This is a review of the Impact 5-in-1 Collapsible Oval Reflector, commonly used for bouncing natural light or flash onto subjects when taking their portraits. When working outdoors or in a studio environment, a reflector can be a very effective tool for adding more light to your subject. Often used as a secondary “fill light” to compliment the primary light, reflectors come in different sizes, shapes and surfaces. While the shape of the reflector does not matter as much, the size and the type of surface of the reflector can have a significant impact on the image. In photography, the bigger the light source is, the softer the light it will produce. Hence, bigger reflectors will generally yield softer light than their smaller counterparts.
This is a review of the Impact Master Century C Stand Kit, used for holding studio lights, softboxes, flags, bounce cards and other accessories. Unlike the multiboom light stand that can only hold light reflectors and cardboard flags, C-stands are almost entirely made of metal and are designed to be very tough and sturdy, capable of holding fairly heavy equipment. The shortened term “C-Stand”, which means “Century Stand”, comes from the early days of motion picture production. Back then, filmmakers heavily relied on reflectors to light actors. The most popular one was the 100 inch or “century” sized reflector, so the stand that held this reflector was often referred to as “century stand”.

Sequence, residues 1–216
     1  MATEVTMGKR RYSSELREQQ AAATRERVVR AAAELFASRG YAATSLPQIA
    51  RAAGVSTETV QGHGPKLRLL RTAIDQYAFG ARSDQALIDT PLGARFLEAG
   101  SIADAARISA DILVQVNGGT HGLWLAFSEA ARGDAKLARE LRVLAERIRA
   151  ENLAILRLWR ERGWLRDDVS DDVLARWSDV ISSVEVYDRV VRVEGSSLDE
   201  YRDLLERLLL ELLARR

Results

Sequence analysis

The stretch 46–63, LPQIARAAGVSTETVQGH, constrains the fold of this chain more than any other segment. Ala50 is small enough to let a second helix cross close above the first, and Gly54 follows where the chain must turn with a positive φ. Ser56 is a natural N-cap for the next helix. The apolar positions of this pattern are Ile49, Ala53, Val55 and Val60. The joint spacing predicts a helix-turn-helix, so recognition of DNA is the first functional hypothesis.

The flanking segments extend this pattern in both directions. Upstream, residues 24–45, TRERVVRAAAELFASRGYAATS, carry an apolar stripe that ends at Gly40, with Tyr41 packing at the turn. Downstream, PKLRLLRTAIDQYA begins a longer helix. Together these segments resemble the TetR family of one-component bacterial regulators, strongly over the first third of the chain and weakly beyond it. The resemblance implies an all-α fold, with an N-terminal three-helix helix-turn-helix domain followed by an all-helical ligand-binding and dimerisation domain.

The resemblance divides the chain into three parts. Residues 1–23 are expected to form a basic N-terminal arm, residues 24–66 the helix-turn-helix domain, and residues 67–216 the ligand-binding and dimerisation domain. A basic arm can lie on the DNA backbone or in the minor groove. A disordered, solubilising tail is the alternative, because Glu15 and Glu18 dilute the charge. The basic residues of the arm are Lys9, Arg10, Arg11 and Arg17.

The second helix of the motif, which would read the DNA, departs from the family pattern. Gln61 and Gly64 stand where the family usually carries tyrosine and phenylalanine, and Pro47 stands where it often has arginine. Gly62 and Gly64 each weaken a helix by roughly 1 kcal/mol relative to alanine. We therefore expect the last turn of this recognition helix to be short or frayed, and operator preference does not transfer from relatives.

One big news that nobody seems to be paying attention to at the moment due to the much-anticipated Canon 5D Mark III release, is the Canon 600EX-RT Speedlite announcement. Why big news? Because it is the first flash unit (speedlite in Canon language, speedlight in Nikon language) that actually has a built-in wireless radio capability. Historically, both Canon and Nikon used flash units that would communicate wirelessly only via infrared signal. While infrared works fine in some environments, it has problems with daylight (sun rays), range and it often requires direct visibility. Because of this problems, many photographers, including myself, have been relying on external radio transmitters and receivers such as PocketWizard for a more enhanced and reliable communication between flash units.
With the introduction of the Canon 600EX-RT flash unit and the Canon ST-E3-RT transmitter, Canonites no longer have to rely on third party radio triggers for reliable communication between flashes. Now you can use all flash features, including TTL flash and trigger up to 15 wireless flash units at a range of 30 meters, without worrying about potential communication issues. Considering that Nikon has had a lead on the flash technology for many years, it is surprising to see Canon release a radio flash first. The bad news for Nikonians is that Nikon has recently updated its high-end flash line with the Nikon SB-910, so we might not see a Nikon flash with radio capability any time soon…
PocketWizard has just announced an update to their PocketWizard Plus line of radio transceivers. The new PocketWizard Plus III is the latest generation radio transmitter/receiver that adds a boatload of new features, but best of all, comes at a much more affordable price of $139 (the old PocketWizard Plus II units are priced at $159).